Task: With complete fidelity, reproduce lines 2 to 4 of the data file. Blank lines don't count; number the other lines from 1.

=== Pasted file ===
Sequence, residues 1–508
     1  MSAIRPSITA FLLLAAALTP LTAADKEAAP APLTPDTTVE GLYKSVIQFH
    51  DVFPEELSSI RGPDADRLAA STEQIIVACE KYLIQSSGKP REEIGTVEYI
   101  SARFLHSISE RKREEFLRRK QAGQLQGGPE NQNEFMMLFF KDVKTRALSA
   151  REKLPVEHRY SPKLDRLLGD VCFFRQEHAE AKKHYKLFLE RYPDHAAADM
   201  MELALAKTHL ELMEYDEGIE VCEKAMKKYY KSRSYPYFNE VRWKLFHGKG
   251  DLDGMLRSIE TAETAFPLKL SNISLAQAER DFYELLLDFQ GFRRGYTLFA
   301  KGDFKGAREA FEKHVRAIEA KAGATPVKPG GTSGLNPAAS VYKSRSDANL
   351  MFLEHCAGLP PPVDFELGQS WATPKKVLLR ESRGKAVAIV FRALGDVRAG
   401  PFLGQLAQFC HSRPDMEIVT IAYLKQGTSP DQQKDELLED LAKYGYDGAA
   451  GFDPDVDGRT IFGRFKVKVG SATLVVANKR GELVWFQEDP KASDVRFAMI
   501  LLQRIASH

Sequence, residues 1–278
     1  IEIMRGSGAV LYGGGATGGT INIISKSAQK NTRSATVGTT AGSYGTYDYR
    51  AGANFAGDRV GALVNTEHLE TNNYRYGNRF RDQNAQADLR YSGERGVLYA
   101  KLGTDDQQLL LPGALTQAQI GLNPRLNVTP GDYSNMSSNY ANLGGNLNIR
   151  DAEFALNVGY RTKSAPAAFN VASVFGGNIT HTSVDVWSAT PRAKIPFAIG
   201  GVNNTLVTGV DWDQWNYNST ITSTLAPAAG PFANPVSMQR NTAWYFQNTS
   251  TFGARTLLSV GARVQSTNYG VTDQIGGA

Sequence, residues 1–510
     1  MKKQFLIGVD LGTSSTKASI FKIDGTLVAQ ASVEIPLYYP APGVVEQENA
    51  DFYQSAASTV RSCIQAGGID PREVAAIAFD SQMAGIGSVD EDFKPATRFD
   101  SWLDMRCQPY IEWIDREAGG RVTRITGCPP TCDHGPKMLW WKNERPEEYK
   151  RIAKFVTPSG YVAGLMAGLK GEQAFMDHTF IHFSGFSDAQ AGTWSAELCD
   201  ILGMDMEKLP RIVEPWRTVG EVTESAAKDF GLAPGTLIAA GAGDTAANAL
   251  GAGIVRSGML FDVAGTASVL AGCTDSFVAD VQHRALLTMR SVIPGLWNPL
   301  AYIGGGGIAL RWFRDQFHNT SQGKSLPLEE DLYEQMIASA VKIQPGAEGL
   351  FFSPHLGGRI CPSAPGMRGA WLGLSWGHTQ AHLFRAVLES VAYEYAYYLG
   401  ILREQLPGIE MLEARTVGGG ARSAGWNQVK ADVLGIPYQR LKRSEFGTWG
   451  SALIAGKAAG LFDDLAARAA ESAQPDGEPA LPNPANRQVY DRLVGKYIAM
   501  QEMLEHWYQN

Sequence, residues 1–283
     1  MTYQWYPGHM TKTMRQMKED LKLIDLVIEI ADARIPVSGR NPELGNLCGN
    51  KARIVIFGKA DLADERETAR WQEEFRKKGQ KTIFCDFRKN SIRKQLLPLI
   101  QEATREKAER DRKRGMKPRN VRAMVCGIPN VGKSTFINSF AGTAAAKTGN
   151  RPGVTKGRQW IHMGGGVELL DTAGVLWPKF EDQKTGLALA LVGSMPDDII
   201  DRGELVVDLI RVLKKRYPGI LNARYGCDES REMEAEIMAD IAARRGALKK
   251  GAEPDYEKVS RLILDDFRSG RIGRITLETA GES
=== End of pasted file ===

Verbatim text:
     1  MSAIRPSITA FLLLAAALTP LTAADKEAAP APLTPDTTVE GLYKSVIQFH
    51  DVFPEELSSI RGPDADRLAA STEQIIVACE KYLIQSSGKP REEIGTVEYI
   101  SARFLHSISE RKREEFLRRK QAGQLQGGPE NQNEFMMLFF KDVKTRALSA